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The first book in a new culinary cozy series full of sharp humor and delectable dishes—one that might just be killer....

When Lila Macapagal moves back home to recover from a horrible breakup, her life seems to be following all the typical rom-com tropes. She's tasked with saving her Tita Rosie's failing restaurant, and she has to deal with a group of matchmaking aunties who shower her with love and judgment. But when a notoriously nasty food critic (who happens to be her ex-boyfriend) drops dead moments after a confrontation with Lila, her life quickly swerves from a Nora Ephron romp to an Agatha Christie case.

With the cops treating her like she's the one and only suspect, and the shady landlord looking to finally kick the Macapagal family out and resell the storefront, Lila's left with no choice but to conduct her own investigation. Armed with the nosy auntie network, her barista best bud, and her trusted Dachshund, Longanisa, Lila takes on this tasty, twisted case and soon finds her own neck on the chopping block…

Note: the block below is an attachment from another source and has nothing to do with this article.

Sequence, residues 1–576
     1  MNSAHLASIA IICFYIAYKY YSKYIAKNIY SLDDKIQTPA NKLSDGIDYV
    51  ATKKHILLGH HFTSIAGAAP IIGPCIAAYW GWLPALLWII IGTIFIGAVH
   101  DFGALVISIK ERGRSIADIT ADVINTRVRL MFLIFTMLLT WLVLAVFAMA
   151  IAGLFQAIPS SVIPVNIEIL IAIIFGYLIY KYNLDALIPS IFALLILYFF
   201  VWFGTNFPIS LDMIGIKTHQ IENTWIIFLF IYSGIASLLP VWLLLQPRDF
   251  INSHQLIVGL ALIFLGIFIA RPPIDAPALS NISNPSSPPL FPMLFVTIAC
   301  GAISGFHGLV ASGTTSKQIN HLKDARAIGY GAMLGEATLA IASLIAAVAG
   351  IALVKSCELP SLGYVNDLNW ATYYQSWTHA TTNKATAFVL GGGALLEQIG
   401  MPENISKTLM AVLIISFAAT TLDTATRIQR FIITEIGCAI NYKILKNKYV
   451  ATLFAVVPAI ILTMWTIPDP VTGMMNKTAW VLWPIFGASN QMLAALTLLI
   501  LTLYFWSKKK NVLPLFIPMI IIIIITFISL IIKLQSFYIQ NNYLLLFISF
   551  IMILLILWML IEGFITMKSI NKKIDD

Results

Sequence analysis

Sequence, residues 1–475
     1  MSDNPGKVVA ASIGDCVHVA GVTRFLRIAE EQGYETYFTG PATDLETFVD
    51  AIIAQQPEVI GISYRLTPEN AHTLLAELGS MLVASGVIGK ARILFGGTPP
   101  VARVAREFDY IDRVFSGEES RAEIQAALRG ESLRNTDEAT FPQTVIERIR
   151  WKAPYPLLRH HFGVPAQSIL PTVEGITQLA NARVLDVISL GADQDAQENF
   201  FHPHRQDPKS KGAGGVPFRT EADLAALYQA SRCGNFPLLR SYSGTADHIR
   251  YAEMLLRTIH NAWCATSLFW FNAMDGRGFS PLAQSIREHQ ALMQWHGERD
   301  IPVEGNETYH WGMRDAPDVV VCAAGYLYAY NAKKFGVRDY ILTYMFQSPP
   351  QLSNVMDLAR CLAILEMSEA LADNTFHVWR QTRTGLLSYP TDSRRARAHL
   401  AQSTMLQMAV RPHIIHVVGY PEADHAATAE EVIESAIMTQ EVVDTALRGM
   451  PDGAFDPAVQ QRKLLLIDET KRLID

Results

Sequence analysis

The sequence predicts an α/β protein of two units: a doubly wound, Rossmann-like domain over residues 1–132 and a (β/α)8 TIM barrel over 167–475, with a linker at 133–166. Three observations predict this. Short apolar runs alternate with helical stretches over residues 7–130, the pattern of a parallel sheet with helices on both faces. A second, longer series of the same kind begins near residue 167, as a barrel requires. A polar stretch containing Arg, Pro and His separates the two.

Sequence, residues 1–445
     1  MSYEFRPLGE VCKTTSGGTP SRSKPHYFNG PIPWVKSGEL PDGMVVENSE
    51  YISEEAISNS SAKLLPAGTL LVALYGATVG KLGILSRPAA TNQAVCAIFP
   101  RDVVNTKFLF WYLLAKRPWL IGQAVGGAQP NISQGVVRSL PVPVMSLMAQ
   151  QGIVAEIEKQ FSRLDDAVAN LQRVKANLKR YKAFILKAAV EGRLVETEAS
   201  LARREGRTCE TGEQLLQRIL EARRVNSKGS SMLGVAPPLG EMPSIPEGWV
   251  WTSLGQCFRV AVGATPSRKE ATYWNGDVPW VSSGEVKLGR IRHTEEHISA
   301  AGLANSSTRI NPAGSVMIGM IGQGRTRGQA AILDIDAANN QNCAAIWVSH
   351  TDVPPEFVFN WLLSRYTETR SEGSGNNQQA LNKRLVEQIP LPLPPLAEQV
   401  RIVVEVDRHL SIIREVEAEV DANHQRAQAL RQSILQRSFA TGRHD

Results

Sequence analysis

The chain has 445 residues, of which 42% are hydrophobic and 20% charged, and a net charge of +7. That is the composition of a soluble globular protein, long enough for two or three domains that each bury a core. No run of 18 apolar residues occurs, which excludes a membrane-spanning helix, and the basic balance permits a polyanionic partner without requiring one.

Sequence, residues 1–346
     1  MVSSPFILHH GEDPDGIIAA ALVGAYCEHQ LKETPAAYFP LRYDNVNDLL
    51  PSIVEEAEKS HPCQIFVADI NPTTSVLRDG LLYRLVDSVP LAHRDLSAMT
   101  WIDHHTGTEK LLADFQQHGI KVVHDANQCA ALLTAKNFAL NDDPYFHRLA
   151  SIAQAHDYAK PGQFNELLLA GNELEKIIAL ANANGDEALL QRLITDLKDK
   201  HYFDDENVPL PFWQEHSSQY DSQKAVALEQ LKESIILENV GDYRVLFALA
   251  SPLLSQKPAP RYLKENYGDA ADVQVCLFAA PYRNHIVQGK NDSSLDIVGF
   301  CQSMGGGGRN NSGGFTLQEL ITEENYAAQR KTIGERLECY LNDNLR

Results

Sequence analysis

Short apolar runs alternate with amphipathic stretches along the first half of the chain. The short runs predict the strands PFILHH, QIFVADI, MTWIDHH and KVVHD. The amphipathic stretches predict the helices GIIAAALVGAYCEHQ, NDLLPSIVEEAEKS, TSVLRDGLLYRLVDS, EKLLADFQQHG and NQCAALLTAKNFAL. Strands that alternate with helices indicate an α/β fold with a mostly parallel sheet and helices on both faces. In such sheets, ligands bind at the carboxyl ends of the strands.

336 pages, Kindle Edition

First published May 4, 2021

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About the author

Mia P. Manansala

6 books3,151 followers
Mia P. Manansala is a book coach and the author of ARSENIC AND ADOBO (Berkley 2021), the first in the Tita Rosie's Kitchen Mystery series.

She uses humor (and murder) to explore aspects of the Filipino diaspora, queerness, and her millennial love for pop culture.

She is the winner of the 2018 Hugh Holton Award, the 2018 Eleanor Taylor Bland Crime Fiction Writers of Color Award, the 2017 William F. Deeck - Malice Domestic Grant for Unpublished Writers, and the 2016 Mystery Writers of America/Helen McCloy Scholarship. She's also a 2017 Pitch Wars alum and 2018-2020 mentor.

A lover of all things geeky, Mia spends her days procrastibaking, playing JRPGs and dating sims, reading cozy mysteries, and dreaming of becoming best buds with Wonder Woman and Kamala Khan.

When she’s not sassing her ever-so-patient husband, she’s cuddling her dogs Max Power and Bayley Banks (bonus points to those who get the name references) at her home just outside of Chicago.